You did everything right and got the job offer. But after your initial excitement, you realize there are details you haven’t completely thought through. Maybe you’re questioning the compensation package or a too-long commute. Maybe you’re not sure the company’s culture or values align with your own. Or maybe you’re only considering it because it’s the sensible thing to do, rather than something you feel passionate about.
Now’s the time to look at the offer from all angles and resolve any doubts before you commit to something you may regret later. In today’s job market there’s a shortage of skilled professionals, as reported in the Robert Half Salary Guide, and it’s likely you have other choices.
Weigh the pros and cons
Let the hiring manager know that you’re interested but need a few days to consider the offer in its entirety. If possible, give a concrete reason for asking for more time, like the need to talk it over with your partner or finish up a round of interviews with another company.
Ask yourself tough questions. Will I be satisfied with the total compensation package including salary, benefits, savings plans and perks? Remember to consider the costs of commuting including added time, tolls, gas and parking fees.
Then there’s the job itself – are you clear about the expectations, career path and support you’ll get to help you be successful in this role? What about work/life balance – will you still be able to spend quality time with your family or participate in your favorite after-work activities?
If an offer doesn’t check all your boxes, think about what it would take to get you to “yes”. Would you accept the position for more money? Better benefits? A hybrid work environment? Decide now what your bottom line is and reach out to the hiring manager or recruiter and let them know what’s holding you back. The employer might be willing to negotiate a counteroffer to convince you to come on board.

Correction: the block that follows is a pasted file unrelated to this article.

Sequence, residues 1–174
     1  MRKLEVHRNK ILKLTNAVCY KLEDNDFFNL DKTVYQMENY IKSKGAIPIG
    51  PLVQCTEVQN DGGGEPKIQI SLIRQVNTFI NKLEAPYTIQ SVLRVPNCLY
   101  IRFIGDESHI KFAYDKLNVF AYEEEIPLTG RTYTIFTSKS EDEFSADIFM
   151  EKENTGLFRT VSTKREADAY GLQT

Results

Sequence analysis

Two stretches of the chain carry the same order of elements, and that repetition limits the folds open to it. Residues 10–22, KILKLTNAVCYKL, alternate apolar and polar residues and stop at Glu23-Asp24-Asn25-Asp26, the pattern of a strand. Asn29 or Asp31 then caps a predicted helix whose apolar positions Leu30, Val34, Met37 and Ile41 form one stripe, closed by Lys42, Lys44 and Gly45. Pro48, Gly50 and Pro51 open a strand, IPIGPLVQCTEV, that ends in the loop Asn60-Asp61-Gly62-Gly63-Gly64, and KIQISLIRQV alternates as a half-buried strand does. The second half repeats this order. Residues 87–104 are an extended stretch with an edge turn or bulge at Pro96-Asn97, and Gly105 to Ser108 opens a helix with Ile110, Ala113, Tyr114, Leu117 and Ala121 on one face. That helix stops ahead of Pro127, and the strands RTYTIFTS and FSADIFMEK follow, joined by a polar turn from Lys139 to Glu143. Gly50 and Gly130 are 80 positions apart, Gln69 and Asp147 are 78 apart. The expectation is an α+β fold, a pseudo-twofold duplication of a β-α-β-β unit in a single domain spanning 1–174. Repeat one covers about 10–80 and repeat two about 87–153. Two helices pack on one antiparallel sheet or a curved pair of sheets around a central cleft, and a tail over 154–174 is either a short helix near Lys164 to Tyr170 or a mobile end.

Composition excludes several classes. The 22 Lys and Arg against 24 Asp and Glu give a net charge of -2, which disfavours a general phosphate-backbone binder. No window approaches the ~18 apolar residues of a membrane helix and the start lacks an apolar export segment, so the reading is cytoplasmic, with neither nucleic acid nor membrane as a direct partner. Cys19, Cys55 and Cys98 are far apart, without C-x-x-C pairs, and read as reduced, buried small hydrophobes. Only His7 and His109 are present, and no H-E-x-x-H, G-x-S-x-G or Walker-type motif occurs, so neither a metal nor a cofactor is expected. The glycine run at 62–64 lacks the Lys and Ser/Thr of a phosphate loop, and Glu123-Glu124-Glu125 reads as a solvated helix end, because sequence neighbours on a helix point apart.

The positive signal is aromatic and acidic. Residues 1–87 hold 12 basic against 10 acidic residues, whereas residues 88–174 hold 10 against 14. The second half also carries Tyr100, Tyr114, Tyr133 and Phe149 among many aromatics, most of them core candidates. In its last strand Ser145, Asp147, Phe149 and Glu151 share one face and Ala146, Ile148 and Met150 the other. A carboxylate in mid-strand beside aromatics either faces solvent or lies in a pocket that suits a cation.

What should you do when you're really ready to say yes? Read The 7 Things You Should Do After Accepting a Job Offer.
How to decline a job offer
After careful consideration you’ve decided the job just isn’t right for you. What happens now? The best way to keep your reputation intact is to make sure all your interactions with the recruiter or employer are courteous.
Be polite at all times. Stay positive and avoid any language that may be construed as unappreciative or reflect negatively on the company involved. Stick to concise – but honest – explanations, such as not being able to make a move due to family commitments, or receiving a better compensation package for an unexpected, higher-level position elsewhere that you feel obliged to take.
When the time comes, know how to negotiate salary after you get a job offer.
Express your gratitude. Be sure to thank the employer for the opportunity to meet and learn about the company. If there was anything in particular you liked about the company, say so.
It is also helpful to mention your appreciation for the people you met during the selection process. You never know when you might come in contact with them again.
Next steps: re-define your job search
Declining a job offer is never an easy decision. But when it happens, it’s important to pinpoint what elements of the offer fell short. Was it the salary? Location? Responsibilities? Clearly communicate these details to your recruiter to help them refine your job search and zero in on roles that more closely match your needs.
You can also use this experience to create an interview strategy to make sure you land the job you really want. Before your next interview do your homework. Research the company, plan how to use the job description to frame your conversation and prepare follow-up questions that will reveal whether an opportunity will measure up to your expectations. If an offer materializes you’ll already have the answers you need to make your decision.
Receiving a job offer is exciting, and sometimes it is easy to miss or overlook important factors that become more apparent after further reflection. But it’s important to carefully consider if the position is truly good for you before accepting a job offer. If you spend time digesting all of the information to fully understand what the position entails, you will be able to make an informed decision before you say yes.
Do you want to continue your job search with the help of a specialized recruiter? We can help!